There are countless league tables and surveys released annually documenting the ‘world’s most expensive cities’ that look at the costliness of various cities and countries around the world – basing their findings on a wide range of things including education, real estate, general services and an average shopping basket of goods.
About the beer ranking
Now a new survey by Sovereign, the global corporate services and trusts company, enters the mix coming up with a new way for businesses to calculate compensation packages for overseas staff postings, based on how much of a “top earners” salary is needed to buy a beer in the country or city. This is similar to the well-known Economist magazine’s Big Mac Index, which uses the cost of a Big Mac at McDonald’s franchisees around the world to establish and compare the purchasing power of major currencies.
Challenging the EIU survey
In recent blog posts in the past, we have discussed the Economist Intelligent Unit’s (EIU) cost of living index, published in March 2017, which placed Singapore as the most expensive city in which to live, followed by Hong Kong, Zurich, Tokyo, Osaka and Seoul.
The report by Sovereign challenges this ranking saying that that the prices that were gathered and compared were all converted into US dollars using the existing exchange rate and then weighted in order to compare the countries. In Sovereign’s opinion, this type of comparison ignores that fact those expats living and earning in a particular city will be earning and spending in the local currency.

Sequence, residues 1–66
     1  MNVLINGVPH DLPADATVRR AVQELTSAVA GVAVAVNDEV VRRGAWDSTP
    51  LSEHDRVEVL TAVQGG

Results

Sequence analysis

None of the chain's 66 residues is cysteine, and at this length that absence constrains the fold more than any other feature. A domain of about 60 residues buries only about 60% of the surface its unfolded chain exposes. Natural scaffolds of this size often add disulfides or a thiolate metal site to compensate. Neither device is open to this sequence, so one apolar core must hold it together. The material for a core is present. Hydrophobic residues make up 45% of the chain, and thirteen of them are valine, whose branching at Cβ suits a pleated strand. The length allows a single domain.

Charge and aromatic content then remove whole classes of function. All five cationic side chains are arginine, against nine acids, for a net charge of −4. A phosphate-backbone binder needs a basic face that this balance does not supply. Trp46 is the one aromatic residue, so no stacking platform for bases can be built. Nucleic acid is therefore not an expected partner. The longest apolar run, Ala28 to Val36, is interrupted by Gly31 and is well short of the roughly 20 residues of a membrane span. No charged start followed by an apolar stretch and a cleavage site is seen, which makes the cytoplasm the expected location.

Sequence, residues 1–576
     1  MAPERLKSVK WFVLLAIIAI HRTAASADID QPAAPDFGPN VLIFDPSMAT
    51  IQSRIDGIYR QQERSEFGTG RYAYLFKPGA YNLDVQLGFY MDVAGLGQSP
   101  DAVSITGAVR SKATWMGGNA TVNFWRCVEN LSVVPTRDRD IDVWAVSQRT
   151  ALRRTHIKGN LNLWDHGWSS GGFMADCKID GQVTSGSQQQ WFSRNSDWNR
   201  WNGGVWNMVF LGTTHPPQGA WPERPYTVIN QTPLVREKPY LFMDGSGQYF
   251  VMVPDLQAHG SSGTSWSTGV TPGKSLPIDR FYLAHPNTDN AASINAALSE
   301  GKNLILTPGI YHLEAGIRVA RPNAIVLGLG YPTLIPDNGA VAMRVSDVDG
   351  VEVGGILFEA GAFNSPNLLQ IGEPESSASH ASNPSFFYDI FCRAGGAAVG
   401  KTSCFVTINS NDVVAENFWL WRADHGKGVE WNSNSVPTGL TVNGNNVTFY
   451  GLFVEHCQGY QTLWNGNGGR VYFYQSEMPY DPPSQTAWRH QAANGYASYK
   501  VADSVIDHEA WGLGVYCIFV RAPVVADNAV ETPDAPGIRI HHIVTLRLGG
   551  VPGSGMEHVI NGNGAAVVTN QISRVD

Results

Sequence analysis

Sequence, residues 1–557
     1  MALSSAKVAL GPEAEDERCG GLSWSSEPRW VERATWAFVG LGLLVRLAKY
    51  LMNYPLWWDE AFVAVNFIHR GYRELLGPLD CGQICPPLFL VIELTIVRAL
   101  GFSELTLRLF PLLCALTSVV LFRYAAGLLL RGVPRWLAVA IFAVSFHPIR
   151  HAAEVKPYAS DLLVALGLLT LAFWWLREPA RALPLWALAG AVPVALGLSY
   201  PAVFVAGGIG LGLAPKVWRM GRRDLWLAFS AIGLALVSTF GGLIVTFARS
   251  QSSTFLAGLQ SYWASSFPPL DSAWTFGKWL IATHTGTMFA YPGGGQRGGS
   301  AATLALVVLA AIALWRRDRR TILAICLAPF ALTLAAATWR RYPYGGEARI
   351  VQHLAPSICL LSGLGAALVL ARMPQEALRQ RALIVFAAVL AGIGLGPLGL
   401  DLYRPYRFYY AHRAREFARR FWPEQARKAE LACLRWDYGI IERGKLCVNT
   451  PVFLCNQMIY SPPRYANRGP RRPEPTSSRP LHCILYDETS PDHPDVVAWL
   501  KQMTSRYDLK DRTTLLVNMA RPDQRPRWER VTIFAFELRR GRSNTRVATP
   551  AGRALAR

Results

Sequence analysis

Comparing the price of beer
Sovereign felt a more ‘relevant measure’ needed to be established to calculate how much an expat working in a city needed to earn in order to afford services and goods after they had paid local taxes. For example, a pint of beer may cost US$10 in New York, but if the local income tax is 50%, then an expat would have to be earning at least $20 to afford it. Compare this to the Cayman Islands where a pint is more expensive at $15 but as there is no personal income tax in the Cayman Islands, expats only need to earn $15 to buy a beer – making it cheaper in net tax terms.
The new beer-rated expensive cities
Applying this thinking, Sovereign rated the major global cities and countries and the findings were very different to the EIU index. Singapore and Hong Kong’s low income tax meant these countries moved down the list, become a lot cheaper for expats and Copenhagen shot to number one followed by New York. Other top cities on the beer index included Brisbane, Reykjavik, London and Paris
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